Pink flower ka-power


Several rosy-cheeked flowers are standing up to the Death Star during this hot midsummer. The ones I’m enjoying most, because the plant is new in my garden, are these satin-petaled, carnation-pink flowers that appear every couple of weeks on a mammillaria cactus.


A spiny stoic cactus, just enduring. And then — boom! A crown of pink flowers with golden stamens appears overnight like a floral halo. Hello, you beauties!


The watermelon-pink crepe myrtle in the back garden is blooming its heart out too. True, a parade’s worth of confetti-like flowers litters the deck stairs below it. But the mess is worth it, to have something looking so happy about our 101-degree days.


A few in-ground bouquets of candy-pink rain lilies (Zephryanthes ‘Labuffarosea’) have also popped up lately, starry-eyed over trace amounts of rain, or maybe just the smell of it in the air.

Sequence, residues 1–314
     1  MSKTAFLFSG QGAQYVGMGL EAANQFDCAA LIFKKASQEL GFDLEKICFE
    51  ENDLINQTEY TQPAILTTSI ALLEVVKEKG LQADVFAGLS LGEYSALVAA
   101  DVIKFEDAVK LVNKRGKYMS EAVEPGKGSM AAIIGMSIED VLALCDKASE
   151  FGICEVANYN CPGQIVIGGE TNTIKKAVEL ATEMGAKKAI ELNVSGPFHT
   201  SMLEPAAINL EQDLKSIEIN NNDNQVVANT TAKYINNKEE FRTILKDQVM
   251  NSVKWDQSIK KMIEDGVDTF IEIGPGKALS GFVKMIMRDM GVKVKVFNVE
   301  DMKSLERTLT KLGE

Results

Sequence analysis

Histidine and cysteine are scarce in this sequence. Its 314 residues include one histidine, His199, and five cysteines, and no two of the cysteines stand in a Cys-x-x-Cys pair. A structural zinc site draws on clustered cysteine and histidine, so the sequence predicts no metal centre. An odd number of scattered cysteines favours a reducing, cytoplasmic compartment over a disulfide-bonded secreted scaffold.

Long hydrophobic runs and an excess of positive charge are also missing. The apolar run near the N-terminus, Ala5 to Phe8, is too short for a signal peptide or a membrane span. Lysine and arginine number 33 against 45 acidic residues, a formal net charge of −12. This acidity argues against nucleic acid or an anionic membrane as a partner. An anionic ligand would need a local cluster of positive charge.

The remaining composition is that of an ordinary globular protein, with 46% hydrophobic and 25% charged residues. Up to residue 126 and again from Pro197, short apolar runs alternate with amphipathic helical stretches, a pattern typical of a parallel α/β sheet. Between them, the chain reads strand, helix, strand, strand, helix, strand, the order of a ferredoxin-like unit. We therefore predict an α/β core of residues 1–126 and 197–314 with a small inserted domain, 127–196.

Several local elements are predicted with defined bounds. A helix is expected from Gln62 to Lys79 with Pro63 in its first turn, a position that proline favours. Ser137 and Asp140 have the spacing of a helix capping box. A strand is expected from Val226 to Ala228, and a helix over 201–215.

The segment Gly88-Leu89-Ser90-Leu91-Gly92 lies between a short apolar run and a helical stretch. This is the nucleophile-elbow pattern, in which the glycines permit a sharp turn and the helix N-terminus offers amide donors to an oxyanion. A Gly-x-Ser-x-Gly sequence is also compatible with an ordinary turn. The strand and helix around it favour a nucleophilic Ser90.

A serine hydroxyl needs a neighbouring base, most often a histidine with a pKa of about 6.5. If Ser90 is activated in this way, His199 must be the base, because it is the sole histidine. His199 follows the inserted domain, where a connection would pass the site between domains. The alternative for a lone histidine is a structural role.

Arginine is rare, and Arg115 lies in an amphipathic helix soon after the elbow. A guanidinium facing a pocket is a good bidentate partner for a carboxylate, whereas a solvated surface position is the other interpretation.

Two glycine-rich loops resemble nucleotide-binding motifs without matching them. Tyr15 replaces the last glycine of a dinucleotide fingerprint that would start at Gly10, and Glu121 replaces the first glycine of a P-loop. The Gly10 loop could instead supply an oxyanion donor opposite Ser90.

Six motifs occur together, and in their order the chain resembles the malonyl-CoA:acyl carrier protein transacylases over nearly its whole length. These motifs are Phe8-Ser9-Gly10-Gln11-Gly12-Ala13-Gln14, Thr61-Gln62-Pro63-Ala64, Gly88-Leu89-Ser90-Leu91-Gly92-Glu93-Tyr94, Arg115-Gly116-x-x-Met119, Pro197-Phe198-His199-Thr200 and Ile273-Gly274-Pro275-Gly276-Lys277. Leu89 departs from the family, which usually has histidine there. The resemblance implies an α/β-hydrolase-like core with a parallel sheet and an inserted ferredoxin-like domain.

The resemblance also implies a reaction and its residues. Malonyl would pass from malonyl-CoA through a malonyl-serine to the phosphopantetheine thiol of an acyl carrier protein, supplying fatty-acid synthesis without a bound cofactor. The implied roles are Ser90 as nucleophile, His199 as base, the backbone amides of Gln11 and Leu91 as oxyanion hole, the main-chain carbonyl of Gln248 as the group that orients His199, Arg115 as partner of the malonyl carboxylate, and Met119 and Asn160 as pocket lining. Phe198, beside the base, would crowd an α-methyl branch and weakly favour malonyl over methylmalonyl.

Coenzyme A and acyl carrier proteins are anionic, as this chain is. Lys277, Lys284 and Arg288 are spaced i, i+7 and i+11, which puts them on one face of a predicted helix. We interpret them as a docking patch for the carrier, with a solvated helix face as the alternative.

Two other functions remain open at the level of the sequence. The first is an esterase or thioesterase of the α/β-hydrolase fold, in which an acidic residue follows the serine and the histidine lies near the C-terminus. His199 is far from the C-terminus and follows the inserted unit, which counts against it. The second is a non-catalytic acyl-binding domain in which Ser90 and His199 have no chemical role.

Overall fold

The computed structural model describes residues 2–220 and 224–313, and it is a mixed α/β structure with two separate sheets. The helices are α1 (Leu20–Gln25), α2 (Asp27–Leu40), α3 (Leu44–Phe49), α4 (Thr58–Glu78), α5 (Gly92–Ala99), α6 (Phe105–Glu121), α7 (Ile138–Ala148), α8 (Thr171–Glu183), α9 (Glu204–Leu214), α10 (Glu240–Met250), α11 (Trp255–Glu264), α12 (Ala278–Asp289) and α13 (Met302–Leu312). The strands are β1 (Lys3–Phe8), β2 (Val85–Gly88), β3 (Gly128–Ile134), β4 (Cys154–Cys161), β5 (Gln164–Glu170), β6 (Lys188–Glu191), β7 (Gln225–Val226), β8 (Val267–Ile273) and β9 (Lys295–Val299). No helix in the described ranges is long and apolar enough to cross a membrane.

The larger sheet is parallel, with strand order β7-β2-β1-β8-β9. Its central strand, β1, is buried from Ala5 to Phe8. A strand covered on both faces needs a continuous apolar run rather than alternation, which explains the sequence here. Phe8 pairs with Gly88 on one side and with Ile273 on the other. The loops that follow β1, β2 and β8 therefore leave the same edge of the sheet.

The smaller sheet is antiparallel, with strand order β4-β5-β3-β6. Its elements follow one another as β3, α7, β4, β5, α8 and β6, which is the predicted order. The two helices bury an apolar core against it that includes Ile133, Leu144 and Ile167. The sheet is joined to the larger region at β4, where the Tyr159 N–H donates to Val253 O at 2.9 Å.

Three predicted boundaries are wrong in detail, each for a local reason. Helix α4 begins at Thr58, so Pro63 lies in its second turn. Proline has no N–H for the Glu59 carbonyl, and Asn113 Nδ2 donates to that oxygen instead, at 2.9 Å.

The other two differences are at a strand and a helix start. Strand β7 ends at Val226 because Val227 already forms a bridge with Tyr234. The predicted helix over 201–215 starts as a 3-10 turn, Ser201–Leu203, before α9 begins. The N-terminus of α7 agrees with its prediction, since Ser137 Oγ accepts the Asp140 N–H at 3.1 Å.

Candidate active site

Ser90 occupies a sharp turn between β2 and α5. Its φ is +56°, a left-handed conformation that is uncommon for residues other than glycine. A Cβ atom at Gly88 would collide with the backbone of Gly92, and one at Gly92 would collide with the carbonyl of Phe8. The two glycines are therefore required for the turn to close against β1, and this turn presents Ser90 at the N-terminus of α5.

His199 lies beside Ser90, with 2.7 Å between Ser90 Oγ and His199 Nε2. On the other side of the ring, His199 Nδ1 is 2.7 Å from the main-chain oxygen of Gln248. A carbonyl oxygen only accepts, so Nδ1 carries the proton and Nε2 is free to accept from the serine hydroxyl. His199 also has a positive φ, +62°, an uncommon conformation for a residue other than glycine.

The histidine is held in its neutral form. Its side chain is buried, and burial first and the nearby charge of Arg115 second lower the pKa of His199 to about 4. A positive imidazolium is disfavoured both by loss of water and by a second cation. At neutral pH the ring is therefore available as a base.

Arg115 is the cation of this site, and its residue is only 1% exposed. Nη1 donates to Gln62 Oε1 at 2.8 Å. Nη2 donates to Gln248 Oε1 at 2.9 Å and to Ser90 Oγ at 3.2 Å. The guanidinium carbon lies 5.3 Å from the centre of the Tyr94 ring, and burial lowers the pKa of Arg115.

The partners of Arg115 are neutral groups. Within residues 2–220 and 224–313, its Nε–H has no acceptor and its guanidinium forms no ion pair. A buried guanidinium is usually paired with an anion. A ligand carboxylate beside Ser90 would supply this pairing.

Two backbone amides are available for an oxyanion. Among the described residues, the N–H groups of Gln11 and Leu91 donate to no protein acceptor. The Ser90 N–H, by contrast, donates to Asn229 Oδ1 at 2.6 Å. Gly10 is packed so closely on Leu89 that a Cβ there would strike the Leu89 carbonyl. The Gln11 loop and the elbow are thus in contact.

These pinkies are helping me get through summer. What color is your summer garden?

I welcome your comments; please scroll to the end of this post to leave one. If you’re reading this in a subscription email, click here to visit Digging and find the comment box at the end of each post.
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All material © 2006-2017 by Pam Penick for Digging. Unauthorized reproduction prohibited.

Summer-tough Foliage Follow-Up


Summer is my most challenging season as a gardener. Yes, really — not winter. I don’t care at all for hot weather, so I retreat indoors and don’t venture outside much until that first hint of cooler air and lessening of the Death Star that typically occurs in early October. (And then I enjoy being outdoors from October through May, a good 8 months, so don’t feel sorry for my being cooped up all summer. It’s like a northerner’s winter.)

The plants in my garden don’t have the luxury of hanging out in the A/C, so they’ve got to be tough enough not only to withstand months of 95-to-100-degree heat, Gulf Coast humidity, and (sometimes) lack of rain but also the neglect of a summer-wimpy gardener.